Oil prices slip in second day of thin trade in Asia

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Oil prices slip in second day of thin trade in Asia

MELBOURNE: Oil prices slipped on Tuesday May 5 in a second day of thin trading in Asia, pulling in opposite directions by China's COVID 19 lockdowns, which could weigh on fuel demand, and prospects for a European oil embargo on Russia.

The price of crude fell 23 cents, or 0.2 per cent, to US $107.35 a barrel at 0532 GMT, wiping out gains earlier in the day in trading that were hampered by holidays in China, Japan and parts of Southeast Asia.

The US West Texas Intermediate WTI crude futures dropped 24 cents, or 0.2 per cent, to US $104.94 a barrel, after hitting an intraday high of US $105.80.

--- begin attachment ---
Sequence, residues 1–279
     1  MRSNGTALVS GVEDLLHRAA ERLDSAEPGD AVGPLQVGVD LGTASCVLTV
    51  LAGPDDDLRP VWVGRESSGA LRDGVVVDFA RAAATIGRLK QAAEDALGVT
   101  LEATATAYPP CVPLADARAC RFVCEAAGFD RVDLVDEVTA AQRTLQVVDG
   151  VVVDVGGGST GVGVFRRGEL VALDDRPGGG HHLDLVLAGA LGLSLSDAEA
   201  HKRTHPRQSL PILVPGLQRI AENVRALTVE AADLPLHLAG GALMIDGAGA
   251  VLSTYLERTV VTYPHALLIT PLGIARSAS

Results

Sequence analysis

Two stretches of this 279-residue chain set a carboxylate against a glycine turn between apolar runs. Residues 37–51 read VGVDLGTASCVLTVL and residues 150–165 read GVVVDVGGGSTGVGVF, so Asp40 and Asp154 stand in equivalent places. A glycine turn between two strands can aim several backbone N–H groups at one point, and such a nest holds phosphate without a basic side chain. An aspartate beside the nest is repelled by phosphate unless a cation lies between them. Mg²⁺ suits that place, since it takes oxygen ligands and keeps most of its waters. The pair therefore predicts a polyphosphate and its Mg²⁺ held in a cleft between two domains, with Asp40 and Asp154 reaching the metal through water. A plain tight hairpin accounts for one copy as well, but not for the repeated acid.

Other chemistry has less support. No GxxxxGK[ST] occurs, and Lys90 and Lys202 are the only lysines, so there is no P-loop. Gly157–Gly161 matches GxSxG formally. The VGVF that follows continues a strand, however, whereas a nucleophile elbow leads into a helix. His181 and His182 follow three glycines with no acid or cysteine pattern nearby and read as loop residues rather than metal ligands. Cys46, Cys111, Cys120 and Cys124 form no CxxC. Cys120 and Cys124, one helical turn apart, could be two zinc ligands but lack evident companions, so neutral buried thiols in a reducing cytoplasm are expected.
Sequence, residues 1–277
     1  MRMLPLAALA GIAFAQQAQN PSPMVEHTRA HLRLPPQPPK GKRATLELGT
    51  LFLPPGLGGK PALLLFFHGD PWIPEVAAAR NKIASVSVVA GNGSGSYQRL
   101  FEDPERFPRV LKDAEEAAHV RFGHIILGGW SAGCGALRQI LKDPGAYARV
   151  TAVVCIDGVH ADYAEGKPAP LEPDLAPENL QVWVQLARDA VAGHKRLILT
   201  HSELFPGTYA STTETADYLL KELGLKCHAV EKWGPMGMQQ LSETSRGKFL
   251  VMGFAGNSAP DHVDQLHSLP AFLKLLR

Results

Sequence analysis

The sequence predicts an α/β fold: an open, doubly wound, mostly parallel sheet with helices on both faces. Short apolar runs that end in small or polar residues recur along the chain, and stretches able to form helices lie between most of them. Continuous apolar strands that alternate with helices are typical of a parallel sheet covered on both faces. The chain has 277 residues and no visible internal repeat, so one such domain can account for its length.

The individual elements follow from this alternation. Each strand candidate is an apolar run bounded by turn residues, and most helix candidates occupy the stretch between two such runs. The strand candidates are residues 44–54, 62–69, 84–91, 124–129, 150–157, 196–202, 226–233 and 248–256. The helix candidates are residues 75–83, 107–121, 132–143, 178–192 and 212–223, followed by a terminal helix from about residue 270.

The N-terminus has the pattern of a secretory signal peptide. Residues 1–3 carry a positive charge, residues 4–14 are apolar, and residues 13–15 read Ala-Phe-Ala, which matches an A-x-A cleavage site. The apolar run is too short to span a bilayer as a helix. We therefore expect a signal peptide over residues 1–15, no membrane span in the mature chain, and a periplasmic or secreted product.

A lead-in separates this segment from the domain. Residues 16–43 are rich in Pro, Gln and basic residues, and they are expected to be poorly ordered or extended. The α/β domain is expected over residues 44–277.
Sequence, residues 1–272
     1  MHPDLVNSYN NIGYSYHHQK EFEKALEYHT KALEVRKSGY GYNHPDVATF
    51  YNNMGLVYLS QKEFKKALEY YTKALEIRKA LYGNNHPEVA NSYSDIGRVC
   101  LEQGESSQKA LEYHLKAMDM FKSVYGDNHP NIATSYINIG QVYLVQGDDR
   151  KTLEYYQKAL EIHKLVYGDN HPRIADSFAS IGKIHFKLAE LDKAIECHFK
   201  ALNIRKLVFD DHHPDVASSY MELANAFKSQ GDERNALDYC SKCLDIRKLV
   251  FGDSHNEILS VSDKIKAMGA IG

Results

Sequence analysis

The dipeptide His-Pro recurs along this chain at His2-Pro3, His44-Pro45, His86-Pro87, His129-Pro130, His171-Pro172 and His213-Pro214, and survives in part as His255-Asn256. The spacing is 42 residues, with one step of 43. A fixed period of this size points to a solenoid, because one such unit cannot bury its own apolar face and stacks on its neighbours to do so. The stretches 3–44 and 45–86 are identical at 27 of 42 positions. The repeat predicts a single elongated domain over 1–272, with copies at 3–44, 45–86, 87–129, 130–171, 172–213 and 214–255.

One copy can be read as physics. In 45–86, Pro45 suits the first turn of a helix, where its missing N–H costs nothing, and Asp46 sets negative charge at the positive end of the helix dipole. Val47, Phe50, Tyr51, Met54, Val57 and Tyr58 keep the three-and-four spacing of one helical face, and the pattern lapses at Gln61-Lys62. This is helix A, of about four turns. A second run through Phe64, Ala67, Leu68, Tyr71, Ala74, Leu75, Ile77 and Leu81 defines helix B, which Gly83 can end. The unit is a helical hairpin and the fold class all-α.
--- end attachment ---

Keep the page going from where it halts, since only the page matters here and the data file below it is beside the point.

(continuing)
Both benchmark contracts went up more than 40 cents on Monday and extended their gains modestly in early trade on Tuesday.

There is a positive driver for the EU embargo and whether that will be announced, according to Commonwealth Bank commodities analyst Vivek Dhar.

Your negative driver is Chinese COVID lockdowns. The outbreak that has entered its second week is a mass-testing of residents in Beijing to avert a lockdown similar to Shanghai's over the past month, according to reports of dozens of new cases daily.

Restaurants in the capital of the world's top oil importer were closed for dining in, while streets were quiet on Tuesday during a five-day Labour Day holiday.